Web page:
Bears' Defensive Line Depth Becomes Costly Luxury

Gene Chamberlain

One of the great strengths of the Bears defenses could vanish during only a few days of free agency unless they open up the wallet.

Defensive line depth allowed the Bears to remain viable when Akiem Hicks went out with an elbow injury, and when Bilal Nichols last year had to fight his way through a broken hand.

Eddie Goldman, Roy Robertson-Harris, Nick Williams, Abdullah Anderson and Brent Urban pulled it together, and in Williams' case the improvement came in a dramatic fashion.

When free agency begins, the Bears risk losing three of their backups and it's entirely possible two would leave.

Defensive line coach Jay Rodgers remains a major reason the Bears seem to be able to keep finding more talent up front. He was a big force in Hicks improving greatly once he came to Chicago, and in the improvement of Robertson-Harris. He may need to do even more developmental work in the future.

"I think as we're going to continue to grow our team it's about drafting and developing our players," Bears GM Ryan Pace said.

When players develop, they have to be paid. Williams made six sacks. He'd never made a sack in four previous seasons during his career. He had never played more than 17 percent of a defense's snaps in the past, and played 49 percent of them for the Bears in 2019.

So the marketplace will determine if he arrived last year or merely took advantage of all the attention being paid along the front to Khalil Mack.

"I think I'm gonna have fun in free agency this year," Williams said at the end of the season. "Obviously, I want to be back here. I want to be a Bear. I love this organization. They've afforded me a lot of great opportunities. I like this locker room. I like my teammates. We'll see what happens."

Robertson-Harris has been the epitome of a player who developed. He changed positions, from linebacker to the line, then almost immediately made strides under Rodgers.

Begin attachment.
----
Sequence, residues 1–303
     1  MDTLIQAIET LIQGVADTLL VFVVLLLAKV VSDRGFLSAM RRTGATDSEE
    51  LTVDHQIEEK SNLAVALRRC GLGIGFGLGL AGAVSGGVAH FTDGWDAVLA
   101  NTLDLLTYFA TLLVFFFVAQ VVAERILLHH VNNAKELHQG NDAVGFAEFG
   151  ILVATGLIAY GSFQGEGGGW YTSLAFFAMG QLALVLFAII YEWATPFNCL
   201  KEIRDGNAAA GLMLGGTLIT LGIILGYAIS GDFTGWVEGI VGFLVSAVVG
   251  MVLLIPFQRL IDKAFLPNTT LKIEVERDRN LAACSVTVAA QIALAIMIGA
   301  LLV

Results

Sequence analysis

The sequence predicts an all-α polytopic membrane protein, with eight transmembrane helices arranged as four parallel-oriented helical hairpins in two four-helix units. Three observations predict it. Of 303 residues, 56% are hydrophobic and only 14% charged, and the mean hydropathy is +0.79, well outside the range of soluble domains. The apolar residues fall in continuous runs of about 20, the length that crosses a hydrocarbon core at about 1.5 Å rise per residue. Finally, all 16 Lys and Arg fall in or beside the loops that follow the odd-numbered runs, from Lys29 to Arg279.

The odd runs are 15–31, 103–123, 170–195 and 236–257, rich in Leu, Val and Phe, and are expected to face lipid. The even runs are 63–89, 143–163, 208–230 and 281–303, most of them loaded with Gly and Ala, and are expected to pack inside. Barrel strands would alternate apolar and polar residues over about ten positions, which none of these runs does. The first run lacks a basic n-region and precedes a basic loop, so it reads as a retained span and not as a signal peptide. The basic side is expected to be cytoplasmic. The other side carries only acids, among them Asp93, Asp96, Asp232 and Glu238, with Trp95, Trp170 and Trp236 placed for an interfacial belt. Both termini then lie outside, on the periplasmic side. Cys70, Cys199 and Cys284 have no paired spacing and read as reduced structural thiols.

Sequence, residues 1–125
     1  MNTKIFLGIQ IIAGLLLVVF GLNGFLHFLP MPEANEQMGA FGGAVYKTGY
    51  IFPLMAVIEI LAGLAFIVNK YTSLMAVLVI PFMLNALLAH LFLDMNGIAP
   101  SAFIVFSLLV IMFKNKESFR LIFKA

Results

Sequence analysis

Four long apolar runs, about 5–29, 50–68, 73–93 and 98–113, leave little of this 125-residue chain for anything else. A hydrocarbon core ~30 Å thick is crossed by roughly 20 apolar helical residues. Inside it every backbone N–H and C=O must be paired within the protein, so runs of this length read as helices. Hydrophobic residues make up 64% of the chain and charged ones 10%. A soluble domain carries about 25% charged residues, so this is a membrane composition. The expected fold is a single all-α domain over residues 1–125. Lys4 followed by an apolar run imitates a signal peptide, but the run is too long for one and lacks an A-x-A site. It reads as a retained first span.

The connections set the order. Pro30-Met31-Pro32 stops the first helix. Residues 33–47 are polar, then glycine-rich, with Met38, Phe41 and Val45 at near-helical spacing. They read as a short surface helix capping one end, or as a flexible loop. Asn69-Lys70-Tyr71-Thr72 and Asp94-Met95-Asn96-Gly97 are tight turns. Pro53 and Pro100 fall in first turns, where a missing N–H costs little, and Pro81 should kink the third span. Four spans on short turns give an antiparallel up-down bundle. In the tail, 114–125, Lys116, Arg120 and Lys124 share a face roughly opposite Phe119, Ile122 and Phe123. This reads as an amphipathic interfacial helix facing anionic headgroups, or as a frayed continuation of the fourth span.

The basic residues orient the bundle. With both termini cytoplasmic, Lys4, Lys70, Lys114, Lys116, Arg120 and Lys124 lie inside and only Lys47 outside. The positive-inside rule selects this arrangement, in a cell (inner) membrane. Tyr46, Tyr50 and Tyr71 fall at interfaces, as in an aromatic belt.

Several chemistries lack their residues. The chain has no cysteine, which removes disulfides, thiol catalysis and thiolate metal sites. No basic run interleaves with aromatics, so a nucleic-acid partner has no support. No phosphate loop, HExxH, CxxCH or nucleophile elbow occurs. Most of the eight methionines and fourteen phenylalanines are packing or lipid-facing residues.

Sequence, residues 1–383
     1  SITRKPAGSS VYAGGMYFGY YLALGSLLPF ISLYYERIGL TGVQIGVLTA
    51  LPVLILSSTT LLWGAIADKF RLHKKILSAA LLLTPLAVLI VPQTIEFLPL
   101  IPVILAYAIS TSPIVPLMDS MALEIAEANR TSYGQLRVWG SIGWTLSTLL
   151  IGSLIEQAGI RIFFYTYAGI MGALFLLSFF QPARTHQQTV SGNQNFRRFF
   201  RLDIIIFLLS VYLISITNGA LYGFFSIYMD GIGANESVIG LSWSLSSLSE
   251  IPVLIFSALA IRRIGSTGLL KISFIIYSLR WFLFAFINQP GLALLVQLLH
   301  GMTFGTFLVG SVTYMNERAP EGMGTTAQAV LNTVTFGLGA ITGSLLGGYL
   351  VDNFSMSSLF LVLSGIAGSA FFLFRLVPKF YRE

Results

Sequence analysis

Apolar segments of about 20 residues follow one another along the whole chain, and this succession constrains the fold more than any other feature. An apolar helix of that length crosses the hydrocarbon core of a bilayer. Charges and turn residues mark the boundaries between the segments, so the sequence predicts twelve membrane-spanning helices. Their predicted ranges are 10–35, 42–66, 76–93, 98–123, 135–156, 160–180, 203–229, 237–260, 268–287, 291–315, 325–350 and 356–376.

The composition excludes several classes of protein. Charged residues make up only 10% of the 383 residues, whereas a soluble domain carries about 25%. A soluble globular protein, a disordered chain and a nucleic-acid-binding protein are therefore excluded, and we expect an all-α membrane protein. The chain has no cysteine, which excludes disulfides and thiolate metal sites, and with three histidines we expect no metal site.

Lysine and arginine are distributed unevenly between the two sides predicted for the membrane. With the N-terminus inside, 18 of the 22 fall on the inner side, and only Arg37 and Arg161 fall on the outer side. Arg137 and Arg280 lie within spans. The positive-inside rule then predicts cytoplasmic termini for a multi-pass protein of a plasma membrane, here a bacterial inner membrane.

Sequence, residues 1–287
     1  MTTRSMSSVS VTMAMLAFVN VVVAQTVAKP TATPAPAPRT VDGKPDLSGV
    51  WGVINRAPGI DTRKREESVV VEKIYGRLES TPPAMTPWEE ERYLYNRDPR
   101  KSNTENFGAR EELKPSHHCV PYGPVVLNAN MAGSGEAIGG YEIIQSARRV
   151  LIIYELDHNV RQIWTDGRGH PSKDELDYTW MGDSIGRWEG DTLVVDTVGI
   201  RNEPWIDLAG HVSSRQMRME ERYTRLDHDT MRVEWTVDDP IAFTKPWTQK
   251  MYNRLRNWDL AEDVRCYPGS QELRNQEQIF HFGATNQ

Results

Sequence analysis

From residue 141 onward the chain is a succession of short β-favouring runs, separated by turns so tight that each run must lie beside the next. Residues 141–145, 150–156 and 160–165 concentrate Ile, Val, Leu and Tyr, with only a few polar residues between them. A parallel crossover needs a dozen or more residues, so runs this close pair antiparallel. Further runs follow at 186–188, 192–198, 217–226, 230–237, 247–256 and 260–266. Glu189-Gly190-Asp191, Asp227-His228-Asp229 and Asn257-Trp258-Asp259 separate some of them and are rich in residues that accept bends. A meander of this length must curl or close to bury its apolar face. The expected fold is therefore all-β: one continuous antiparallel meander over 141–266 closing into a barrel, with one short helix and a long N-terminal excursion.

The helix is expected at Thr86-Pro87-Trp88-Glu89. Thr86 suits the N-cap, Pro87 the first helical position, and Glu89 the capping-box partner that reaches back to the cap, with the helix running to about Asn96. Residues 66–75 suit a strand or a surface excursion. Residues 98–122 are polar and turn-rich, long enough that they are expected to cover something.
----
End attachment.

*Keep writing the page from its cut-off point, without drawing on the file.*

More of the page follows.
Keeping Williams could be impossible due to lack of funds in the face of other needs.  Robertson-Harris would be cheaper, but he still could be at risk.

Restricted free agency rarely costs teams players, but a big increase last year in the minimum tender amounts made it more possible for teams to steal away players by making tender offers.

Robertson-Harris is a restricted free agent and the minimum tender amount for this year is expected to be $2.144 million, according to Spotrac.com.

Last year it looked possible safety DeAndre Houston-Carson would be gone because he was a restricted free agent and the Bears decided they couldn't make a tender offer of that amount for him. So they didn't make a tender off and Houston-Carson essentially became an unrestricted free agent. Then no suitor came forth and the Bears got him back for $770,000.

Such a move is extremely unlikely to succeed with Robertson-Harris. He's already proven what he can do with 7 1/2 sacks over the three seasons and last year had a career-high 30 tackles while getting a career-high 51 percent of the defensive snaps.

It seems likely it will cost $2.144 million at the least to protect their investment with Robertson-Harris, or else they'll wind up relying on Rodgers' ability to quickly develop another young defensive lineman.

The Bears also can lose Urban, who signed for the rest of the season after being waived by Tennessee. He managed to get in on 16 tackles and used his 6-foot-7 height well to deflect two passes at the line while playing only 17 percent of the defensive snaps. He shows potential to be of help the way Williams was. Williams played only 44 snaps in 2018 but then became a force.

Considering all the cash demands facing the Bears, the defensive line's fate is one surrounded in uncertainty beyond starters Goldman, Hicks and Nichols.

Twitter: BearDigest@BearsOnMaven

Comments (2)
No. 1-1
yannis
yannis

Urban and Anderson can be let go. They will pay Williams as FA & RRH his tender.


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